Defendant maintains that the victim's trial testimony was incredible as a matter of law, noting the inconsistencies in the victim's testimony and his prior criminal history. The testimony of the victim was nonetheless corroborated in significant respects by a video that documented portions of the incident, as well as the testimony of the passerby whose phone he borrowed and that of his coworker who first observed the pistol at the bus stop. The discrepancies in the victim's testimony were fully explored at trial and, given the failure of defendant to present “any compelling evidence ․ to render [that testimony] unworthy of belief or establish a basis upon which to disturb the jury's resolution of these credibility issues,” it was not incredible as a matter of law (People v. Brooks, 127 AD3d 1407, 1409 [2015] [internal quotation marks and citations omitted]; see People v. Mitchell, 57 AD3d 1308, 1309 [2008] ). Accordingly, when viewed in the light most favorable to the People, the evidence was legally sufficient to support the verdict (see People v. Gordon, 23 NY3d 643, 649 [2014]; People v. Brooks, 127 AD3d at 1408). Defendant testified and presented a radically different account of what transpired on the morning in question but, “after independently weighing the evidence and considering it in a neutral light, while according deference to the jury's superior ability to evaluate credibility,” we are also unable to conclude that the verdict was against the weight of the evidence (People v. Brooks, 127 AD3d at 1409; see People v. Danielson, 9 NY3d 342, 349 [2007]; People v. Ramos, 129 AD3d 1205, 1206–1207 [2015], lv denied 26 NY3d 971 [2015] ).

Defendant further complains that the People failed to establish the chain of custody of the pistol in order to allow its introduction into evidence at trial. The trial testimony accounts for the period after the pistol was received by the police, during which time the serial number of the pistol was recorded and the pistol itself secured in an evidence box with the serial number emblazoned upon it. The pistol was transferred to a laboratory operated by the State Police for testing and, while proof was not submitted regarding the details of that transfer, the same pistol was returned to the Schenectady police. Inasmuch as the serial number constituted a “unique characteristic [ ] or marking[ ]” that would render any material alteration apparent (People v. Connelly, 35 N.Y.2d 171, 174 [1974]; see People v. Brown, 52 AD3d 943, 946 [2008], lv denied 11 NY3d 735 [2008] ), the failure to document the period during which the pistol was in the care of the State Police “goes to the weight of the evidence and not its admissibility” (People v. Brook, 140 A.D.2d 808, 809 [1988], lv denied 72 N.Y.2d 911 [1988]; see People v. Hawkins, 11 NY3d 484, 494 [2008] ).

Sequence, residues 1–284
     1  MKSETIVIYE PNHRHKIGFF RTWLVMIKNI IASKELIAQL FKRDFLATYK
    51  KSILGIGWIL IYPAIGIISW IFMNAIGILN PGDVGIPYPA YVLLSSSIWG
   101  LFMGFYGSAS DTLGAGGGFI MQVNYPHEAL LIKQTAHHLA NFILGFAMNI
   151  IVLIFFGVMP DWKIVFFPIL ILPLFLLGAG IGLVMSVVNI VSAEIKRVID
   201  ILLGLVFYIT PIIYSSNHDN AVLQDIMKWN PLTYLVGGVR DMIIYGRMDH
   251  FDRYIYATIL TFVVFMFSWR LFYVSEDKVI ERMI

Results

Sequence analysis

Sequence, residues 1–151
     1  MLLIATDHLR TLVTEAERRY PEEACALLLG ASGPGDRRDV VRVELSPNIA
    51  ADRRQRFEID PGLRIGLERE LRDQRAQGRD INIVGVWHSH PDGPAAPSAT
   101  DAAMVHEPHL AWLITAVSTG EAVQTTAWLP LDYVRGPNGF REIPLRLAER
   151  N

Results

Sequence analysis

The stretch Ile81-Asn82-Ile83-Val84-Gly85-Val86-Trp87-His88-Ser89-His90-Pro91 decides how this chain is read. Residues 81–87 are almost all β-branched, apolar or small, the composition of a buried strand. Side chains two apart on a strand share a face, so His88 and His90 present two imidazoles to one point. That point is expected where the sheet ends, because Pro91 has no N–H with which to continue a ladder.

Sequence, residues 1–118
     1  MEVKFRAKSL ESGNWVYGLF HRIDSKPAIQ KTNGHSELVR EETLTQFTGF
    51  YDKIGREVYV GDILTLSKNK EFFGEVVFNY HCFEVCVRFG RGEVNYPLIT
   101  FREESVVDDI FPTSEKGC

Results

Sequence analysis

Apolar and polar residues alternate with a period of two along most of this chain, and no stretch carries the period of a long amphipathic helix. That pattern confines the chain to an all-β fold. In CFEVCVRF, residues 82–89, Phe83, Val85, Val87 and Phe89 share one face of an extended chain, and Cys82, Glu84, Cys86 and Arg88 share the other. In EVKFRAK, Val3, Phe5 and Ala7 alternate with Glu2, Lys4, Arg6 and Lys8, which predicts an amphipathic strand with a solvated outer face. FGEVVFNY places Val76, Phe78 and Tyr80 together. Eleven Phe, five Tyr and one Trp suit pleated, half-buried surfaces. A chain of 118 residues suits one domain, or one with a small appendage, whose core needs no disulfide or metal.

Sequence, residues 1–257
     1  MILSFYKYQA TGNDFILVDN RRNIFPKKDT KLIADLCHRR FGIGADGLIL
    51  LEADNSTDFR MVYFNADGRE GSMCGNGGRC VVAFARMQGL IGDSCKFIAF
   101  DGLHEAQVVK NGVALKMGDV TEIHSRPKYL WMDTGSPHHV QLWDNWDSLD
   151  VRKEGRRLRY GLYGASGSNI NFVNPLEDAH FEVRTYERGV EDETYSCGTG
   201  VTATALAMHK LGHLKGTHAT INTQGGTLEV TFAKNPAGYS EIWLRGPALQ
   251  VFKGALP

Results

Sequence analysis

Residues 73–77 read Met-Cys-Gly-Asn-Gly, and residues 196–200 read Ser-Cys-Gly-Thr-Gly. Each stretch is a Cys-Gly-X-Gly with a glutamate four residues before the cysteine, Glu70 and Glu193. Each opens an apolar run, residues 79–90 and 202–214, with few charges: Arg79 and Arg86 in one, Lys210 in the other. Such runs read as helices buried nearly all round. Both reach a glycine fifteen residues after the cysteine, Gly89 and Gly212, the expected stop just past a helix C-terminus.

Defendant's remaining contentions require little discussion. His assertion that County Court erred in requiring him to present all of an absent witness's grand jury testimony as part of his case is arguably preserved for our review. Any error in that regard was harmless, however, as the People would have been entitled “to introduce ‘all or part of the rest’ of any former testimony not included in defendant's evidentiary submission” (People v. Robinson, 89 N.Y.2d 648, 658 n 5 [1997], quoting People v. Arroyo, 54 N.Y.2d 567, 577 [1982], cert denied 456 U.S. 979 [1982] ). Lastly, given the nature and seriousness of the charges for which defendant was convicted, we find no abuse of discretion or extraordinary circumstances that would warrant a reduction in the sentences imposed (see People v. Young, 74 AD3d 1471, 1473 [2010], lv denied 15 NY3d 811 [2010]; People v. Mitchell, 55 AD3d 1048, 1052 [2008], lv denied 12 NY3d 856 [2009] ).

ORDERED that the judgment is affirmed.